When I was growing up, my family didn’t have such Christmas traditions as periods. Our festive celebrations reflect where we are as a family at any time.
The scallop period was probably my favourite. A couple, Colin and Ann, had moved next door to my boyhood home in Weymouth, and Colin, a fisherman, would, every now and then, leave a huge sack of scallops on our doorstep. Dad would clean and freeze them, in preparation for Christmas, when we would feast on an appetizer we otherwise could not afford: seared scallops served with bacon and mashed peas.
There was also the period of foraging, which saw the dinner table groaning with jars of chutney and jelly and bottles of infusions I had made with fruits and berries like plums, hawthorns and leeks plucked in the Dorset countryside during what was quite a puritanical obsession in my early twenties. Making them in the fall means they’ll be perfect by Christmas, and I’ll give any excess to friends as gifts.
Then there was the brussels sprouts period, which was probably the longest of all, when first my parents insisted, and then guilt caught me into eating two.
But it wasn’t just periods. There were things we came back to year after year. And for people born outside Britain – my mother is in Malta, my father is in Jamaica – my parents took a decidedly British approach to Christmas lunch. A roast dinner, with a little homage to a particular bird, meaning it might be turkey, goose or duck, with all the trimmings. It would be joined by a second meat, usually lamb, and my brother and I would haggle over the bone marrow.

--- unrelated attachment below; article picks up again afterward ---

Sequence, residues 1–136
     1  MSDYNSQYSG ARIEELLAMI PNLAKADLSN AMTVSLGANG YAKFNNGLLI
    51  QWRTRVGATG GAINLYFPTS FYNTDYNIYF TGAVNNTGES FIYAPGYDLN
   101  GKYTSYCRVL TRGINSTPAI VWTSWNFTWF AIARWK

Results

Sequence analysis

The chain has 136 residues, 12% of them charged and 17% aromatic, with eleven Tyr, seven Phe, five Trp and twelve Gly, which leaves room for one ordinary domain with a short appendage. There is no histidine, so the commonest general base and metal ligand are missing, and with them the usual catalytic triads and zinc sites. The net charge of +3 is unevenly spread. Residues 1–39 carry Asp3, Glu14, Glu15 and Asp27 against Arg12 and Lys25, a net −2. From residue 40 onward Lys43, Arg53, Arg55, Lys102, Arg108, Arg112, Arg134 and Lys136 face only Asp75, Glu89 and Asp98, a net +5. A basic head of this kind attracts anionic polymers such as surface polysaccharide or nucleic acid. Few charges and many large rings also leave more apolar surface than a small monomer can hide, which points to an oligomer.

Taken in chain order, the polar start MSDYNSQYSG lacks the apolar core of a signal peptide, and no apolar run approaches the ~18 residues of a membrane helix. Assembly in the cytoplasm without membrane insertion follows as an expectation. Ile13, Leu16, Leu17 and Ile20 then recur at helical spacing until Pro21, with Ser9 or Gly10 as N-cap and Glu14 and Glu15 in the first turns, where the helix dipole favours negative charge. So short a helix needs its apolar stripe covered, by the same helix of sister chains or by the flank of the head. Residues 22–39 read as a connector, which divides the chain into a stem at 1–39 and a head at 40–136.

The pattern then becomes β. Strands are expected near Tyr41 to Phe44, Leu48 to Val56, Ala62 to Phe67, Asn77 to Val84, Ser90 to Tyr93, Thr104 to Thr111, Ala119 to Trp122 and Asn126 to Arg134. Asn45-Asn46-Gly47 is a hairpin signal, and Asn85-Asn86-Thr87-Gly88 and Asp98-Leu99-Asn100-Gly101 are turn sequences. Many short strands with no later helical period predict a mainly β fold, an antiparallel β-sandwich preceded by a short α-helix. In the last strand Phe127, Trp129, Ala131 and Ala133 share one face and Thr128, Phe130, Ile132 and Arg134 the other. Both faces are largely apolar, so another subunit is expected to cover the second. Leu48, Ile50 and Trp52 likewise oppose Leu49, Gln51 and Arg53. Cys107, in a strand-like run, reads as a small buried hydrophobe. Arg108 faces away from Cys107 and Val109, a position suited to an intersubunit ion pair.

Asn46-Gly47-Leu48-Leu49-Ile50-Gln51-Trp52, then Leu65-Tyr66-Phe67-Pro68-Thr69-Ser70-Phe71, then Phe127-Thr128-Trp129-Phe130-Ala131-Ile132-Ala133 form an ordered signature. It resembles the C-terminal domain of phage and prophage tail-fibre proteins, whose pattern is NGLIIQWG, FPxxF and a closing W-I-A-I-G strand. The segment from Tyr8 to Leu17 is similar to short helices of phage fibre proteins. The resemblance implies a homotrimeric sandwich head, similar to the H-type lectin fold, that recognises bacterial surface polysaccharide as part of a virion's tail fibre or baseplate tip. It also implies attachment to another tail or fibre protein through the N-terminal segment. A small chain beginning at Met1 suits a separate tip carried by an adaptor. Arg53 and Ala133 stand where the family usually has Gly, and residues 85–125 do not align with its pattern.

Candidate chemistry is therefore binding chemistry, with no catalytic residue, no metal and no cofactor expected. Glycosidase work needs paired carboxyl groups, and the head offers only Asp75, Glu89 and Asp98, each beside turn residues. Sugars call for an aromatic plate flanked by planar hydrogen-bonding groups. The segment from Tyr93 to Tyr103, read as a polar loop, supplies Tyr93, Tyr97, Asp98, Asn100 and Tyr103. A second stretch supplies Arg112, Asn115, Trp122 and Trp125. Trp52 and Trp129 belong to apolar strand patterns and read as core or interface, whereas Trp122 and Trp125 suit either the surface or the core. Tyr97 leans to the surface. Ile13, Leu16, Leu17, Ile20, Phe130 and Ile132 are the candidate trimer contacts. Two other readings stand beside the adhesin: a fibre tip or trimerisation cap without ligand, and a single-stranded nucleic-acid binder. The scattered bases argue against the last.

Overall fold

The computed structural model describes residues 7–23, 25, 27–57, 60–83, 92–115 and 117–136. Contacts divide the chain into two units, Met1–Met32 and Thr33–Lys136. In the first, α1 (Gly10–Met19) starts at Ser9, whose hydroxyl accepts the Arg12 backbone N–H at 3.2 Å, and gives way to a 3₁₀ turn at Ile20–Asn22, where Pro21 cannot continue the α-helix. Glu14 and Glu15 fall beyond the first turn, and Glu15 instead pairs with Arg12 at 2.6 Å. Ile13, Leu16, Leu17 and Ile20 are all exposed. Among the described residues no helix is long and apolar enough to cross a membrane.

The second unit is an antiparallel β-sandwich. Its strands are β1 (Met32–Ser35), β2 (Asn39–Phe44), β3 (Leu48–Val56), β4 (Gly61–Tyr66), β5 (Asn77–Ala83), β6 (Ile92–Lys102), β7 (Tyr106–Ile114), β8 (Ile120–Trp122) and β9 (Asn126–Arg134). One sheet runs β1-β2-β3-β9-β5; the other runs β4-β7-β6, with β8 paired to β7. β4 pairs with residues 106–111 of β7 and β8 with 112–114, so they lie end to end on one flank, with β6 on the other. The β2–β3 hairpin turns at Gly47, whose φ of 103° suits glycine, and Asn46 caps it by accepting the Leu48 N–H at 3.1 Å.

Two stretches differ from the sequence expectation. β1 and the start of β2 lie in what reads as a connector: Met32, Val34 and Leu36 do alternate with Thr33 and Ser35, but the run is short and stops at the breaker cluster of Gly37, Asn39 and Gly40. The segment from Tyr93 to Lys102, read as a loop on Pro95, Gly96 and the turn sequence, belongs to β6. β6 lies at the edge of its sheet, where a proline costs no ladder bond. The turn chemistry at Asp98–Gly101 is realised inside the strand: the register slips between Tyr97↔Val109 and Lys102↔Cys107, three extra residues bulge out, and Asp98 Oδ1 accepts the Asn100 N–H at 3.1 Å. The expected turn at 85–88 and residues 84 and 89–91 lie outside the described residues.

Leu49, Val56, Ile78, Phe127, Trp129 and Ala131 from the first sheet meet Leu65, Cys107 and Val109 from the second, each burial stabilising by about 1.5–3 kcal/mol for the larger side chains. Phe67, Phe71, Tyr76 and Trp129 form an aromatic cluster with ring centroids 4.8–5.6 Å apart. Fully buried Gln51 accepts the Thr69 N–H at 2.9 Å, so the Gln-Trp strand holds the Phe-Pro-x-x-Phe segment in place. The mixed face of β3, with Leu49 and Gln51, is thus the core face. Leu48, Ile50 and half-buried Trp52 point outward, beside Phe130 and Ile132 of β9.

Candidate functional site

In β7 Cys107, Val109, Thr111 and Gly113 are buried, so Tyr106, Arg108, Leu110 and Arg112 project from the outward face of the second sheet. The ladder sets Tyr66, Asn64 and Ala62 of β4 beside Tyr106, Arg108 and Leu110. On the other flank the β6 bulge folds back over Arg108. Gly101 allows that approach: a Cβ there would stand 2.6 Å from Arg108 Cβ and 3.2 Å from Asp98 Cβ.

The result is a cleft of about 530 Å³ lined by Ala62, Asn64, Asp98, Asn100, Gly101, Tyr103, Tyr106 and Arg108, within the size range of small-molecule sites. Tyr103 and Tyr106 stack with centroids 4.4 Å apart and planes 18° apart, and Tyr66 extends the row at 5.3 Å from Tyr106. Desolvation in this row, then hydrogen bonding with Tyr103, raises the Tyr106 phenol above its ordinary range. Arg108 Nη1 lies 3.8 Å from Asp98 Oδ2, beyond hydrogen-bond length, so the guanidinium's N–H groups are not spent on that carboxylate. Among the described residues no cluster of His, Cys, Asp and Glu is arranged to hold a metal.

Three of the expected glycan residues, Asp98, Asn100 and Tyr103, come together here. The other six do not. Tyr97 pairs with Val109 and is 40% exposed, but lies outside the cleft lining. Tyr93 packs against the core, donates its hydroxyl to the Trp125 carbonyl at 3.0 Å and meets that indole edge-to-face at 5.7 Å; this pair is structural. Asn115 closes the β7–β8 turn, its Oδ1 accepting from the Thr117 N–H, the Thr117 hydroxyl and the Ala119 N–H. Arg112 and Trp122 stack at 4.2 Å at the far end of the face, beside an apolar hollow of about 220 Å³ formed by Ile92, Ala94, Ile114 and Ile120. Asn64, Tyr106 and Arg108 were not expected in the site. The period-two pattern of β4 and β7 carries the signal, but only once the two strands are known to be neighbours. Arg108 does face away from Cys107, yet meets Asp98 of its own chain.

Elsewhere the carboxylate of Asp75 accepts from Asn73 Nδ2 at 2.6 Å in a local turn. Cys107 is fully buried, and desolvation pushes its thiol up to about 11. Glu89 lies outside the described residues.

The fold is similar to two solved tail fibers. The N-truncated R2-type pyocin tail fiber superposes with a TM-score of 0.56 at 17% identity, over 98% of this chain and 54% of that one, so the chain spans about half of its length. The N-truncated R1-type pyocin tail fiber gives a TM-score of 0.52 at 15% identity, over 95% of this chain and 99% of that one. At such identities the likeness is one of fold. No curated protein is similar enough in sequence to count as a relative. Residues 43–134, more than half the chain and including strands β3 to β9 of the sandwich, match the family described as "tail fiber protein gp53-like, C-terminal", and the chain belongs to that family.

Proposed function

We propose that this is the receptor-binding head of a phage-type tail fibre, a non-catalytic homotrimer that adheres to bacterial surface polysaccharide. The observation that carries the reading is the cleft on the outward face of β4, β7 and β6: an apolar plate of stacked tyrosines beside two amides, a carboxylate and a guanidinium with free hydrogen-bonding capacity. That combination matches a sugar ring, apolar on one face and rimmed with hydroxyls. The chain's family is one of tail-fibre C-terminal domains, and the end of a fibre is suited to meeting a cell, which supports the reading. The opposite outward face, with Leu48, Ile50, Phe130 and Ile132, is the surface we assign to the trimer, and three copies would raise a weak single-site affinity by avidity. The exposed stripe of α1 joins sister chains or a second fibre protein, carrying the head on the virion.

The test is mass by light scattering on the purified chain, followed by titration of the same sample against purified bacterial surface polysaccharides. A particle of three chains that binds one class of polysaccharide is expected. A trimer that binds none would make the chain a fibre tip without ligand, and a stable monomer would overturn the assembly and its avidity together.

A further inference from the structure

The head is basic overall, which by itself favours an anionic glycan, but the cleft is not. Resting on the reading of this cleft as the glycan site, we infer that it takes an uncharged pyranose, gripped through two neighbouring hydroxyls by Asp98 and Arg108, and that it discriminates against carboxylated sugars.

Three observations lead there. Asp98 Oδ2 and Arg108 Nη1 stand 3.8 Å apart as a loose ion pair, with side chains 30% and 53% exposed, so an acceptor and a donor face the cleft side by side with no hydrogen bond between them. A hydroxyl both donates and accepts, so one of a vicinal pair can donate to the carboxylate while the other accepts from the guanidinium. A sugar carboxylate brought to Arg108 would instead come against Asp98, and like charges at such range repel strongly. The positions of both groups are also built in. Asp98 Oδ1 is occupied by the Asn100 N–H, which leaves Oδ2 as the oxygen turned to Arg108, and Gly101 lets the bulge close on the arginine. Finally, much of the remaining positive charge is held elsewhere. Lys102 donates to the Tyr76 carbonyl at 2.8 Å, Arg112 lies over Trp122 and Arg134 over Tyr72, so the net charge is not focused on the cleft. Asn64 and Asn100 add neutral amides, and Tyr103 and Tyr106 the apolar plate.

There were also little highlights drawn from my parents’ backgrounds, which added to the festivities in other ways. Ackee and sea bream for breakfast, made by my dad (if we can get the ingredients from a trip to London and back to Weymouth in time, that is). There will be loads of fried dumplings, and if we’re lucky, fried plantains too. If not, my second favourite, a plate of bacon and canned tomatoes and onions cooked together – the result is much better than the sum of its parts – with a fried egg and fried dumplings on the side. Even thinking about it now makes me crave the magical flavor of egg yolk and tomato with dumplings.
In the lead-up to the big day, the house was filled with a scent chestnut jam, a classic Maltese Christmas drink my mom makes that consists of dried chestnuts cooked with cocoa, water, chocolate, cinnamon, nutmeg and orange zest. Our house couldn’t smell more Christmasy if it was filled with festive Yankee Candles, though it took me years to learn to love them. These days, I just can’t get enough.
Now that I have my own two children, I suppose it’s my turn to establish some sort of tradition. Aside from the rib of beef that I buy from our local butcher every year, we haven’t really had the chance to set up any Christmas rituals, given that for half the number of years I’ve been a parent, Covid-19 has paid off. to our plans. Last year, like many others, our hopes of getting the whole family together on Christmas Eve were thwarted by the positive PCR of a relative. The prime rib was put in the freezer and my partner, daughter and I had lunch at an Algerian café on Old Kent Road in south-east London. We ate delicious meergues and hand-cut chips, surrounded by men playing chess, and without a Christmas hat or sweater in sight. It was totally funky, and it was perfect.